By: Dave Astor
Coretta Scott King, who died overnight at age 78, lived a memorable life. But one thing many people may not remember is that she wrote a weekly column for the New York Times Syndicate during the mid-1980s.
In her first column on Nov. 1, 1985, the widow of the Rev. Dr. Martin Luther King Jr. explained why she was doing a syndicated feature: “I have no objection to being interviewed as a way of expressing opinions, but I’ve learned to be wary. Not too long ago, for example, I was interviewed for the better part of an hour. What appeared in print were several paragraphs about what I was wearing and two muddled sentences that somehow managed to convey the opposite of what I actually said. It wasn’t the first time… .”
Less than two months later, in a Dec. 21, 1985, interview with E&P, King expanded on her reasons for becoming a columnist. She said she wanted to try to be a spokesperson for Americans who didn’t have much of a voice, and wanted to convey to those Americans that there’s at least some hope for change if they take action. This, King told E&P, could involve participating in community organizations and making “intelligent and creative use” of the ballot.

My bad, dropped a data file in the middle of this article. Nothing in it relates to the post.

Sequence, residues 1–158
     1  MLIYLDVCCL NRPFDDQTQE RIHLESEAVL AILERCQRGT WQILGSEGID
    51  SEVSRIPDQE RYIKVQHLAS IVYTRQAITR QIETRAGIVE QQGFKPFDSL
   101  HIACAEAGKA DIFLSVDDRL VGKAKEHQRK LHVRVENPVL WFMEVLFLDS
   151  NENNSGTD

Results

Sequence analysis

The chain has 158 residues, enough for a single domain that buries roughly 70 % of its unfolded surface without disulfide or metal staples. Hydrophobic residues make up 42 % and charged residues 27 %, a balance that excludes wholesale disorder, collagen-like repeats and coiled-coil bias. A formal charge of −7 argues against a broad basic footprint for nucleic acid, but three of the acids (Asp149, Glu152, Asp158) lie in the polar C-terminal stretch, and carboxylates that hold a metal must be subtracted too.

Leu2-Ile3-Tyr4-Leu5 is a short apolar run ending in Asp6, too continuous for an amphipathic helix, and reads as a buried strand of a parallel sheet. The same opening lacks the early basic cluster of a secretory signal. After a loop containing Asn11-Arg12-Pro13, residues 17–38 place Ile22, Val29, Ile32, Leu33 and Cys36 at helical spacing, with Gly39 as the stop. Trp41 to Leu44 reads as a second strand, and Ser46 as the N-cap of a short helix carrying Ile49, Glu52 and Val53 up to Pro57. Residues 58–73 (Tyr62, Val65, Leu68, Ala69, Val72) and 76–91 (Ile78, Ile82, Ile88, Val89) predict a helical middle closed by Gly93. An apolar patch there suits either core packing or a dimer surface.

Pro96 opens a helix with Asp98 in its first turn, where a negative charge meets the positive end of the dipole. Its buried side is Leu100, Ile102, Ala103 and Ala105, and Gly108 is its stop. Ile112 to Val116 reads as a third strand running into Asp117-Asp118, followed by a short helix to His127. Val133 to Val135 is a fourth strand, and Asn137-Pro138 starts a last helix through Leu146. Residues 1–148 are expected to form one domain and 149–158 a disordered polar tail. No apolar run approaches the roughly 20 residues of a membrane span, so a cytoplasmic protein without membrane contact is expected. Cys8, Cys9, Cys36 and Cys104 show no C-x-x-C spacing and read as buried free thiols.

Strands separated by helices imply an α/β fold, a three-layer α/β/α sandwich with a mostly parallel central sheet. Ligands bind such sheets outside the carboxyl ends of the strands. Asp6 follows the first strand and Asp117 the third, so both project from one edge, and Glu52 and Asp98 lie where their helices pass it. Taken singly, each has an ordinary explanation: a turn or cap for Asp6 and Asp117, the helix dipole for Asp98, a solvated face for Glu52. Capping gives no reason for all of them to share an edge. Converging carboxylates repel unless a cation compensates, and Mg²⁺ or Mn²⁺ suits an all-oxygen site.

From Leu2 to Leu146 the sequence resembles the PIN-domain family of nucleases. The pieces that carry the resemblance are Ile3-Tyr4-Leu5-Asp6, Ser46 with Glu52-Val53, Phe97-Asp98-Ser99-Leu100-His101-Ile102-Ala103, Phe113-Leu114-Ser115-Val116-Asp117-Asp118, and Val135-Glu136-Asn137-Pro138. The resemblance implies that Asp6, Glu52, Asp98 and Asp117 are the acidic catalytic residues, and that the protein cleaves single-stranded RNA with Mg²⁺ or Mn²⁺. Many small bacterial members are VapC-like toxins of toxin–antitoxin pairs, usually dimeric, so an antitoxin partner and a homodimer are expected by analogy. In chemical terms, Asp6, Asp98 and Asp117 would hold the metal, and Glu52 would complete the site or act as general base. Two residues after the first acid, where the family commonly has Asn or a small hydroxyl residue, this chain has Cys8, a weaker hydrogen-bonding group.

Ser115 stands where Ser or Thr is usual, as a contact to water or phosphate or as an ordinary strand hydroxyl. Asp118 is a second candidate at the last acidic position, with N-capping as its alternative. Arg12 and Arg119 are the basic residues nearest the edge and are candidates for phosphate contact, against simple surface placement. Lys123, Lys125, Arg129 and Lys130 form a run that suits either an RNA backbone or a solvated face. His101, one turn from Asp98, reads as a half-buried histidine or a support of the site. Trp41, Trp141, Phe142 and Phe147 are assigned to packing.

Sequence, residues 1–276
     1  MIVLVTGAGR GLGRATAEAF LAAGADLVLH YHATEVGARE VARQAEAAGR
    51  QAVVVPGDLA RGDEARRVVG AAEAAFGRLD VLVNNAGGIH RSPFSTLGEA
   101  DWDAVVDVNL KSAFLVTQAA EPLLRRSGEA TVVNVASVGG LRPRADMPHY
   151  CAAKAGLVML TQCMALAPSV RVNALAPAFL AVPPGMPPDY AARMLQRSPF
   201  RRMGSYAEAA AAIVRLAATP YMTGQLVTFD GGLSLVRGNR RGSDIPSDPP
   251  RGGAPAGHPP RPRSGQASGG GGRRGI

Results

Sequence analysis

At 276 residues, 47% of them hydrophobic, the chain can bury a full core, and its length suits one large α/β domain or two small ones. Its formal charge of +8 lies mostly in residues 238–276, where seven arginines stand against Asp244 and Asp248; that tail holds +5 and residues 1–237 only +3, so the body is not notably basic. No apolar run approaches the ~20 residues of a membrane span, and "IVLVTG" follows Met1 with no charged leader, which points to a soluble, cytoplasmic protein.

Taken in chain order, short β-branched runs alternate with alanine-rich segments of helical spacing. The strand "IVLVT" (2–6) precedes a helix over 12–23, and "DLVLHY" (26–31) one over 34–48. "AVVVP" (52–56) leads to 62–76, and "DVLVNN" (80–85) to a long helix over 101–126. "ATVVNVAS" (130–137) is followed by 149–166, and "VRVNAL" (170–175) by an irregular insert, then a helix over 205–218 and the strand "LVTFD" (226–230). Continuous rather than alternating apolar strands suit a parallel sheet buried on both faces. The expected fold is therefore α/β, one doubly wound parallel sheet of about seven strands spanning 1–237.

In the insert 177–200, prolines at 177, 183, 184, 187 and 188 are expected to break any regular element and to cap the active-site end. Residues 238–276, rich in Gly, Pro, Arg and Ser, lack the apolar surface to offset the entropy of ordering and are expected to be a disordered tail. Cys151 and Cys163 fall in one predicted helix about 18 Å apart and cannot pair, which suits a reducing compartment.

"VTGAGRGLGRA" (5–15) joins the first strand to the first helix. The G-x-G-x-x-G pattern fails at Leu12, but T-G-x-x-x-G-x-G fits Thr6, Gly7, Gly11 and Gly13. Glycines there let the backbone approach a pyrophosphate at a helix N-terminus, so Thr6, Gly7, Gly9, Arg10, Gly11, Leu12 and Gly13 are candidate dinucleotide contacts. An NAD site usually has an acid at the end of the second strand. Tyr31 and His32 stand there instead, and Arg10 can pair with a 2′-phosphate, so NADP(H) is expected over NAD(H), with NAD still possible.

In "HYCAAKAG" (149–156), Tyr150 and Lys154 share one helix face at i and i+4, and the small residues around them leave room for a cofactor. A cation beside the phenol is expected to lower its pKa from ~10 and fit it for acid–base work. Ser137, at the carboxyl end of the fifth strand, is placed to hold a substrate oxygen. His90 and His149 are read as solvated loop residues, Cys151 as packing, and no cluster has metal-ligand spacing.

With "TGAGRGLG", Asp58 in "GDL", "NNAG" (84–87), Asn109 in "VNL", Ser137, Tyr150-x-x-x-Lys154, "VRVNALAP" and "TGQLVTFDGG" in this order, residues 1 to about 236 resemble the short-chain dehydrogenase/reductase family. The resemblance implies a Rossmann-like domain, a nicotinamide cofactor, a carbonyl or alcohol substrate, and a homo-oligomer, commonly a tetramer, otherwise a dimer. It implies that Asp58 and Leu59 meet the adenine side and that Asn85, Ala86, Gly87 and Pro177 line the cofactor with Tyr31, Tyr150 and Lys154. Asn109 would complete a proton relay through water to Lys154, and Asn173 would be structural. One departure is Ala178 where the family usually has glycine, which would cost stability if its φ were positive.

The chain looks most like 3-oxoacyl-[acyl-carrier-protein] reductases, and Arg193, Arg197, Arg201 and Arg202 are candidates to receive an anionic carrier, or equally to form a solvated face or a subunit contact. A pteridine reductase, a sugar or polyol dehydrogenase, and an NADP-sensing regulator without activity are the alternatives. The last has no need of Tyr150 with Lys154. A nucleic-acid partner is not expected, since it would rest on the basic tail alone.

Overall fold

“I’m not one to feel we should withdraw,” she added.
King also said she wanted to use her column to give readers more knowledge about other countries, including developing nations. “I think that when people have a world view,” she said, “they don’t have as much opportunity to be biased.”
E&P’s interview with King took place a month before the federal holiday for her late husband was celebrated for the first time — in January 1986.
Newspapers that purchased King’s column in late 1985 included The Boston Globe, The Dallas Morning News, the Detroit Free Press, and the Los Angeles Times, among others.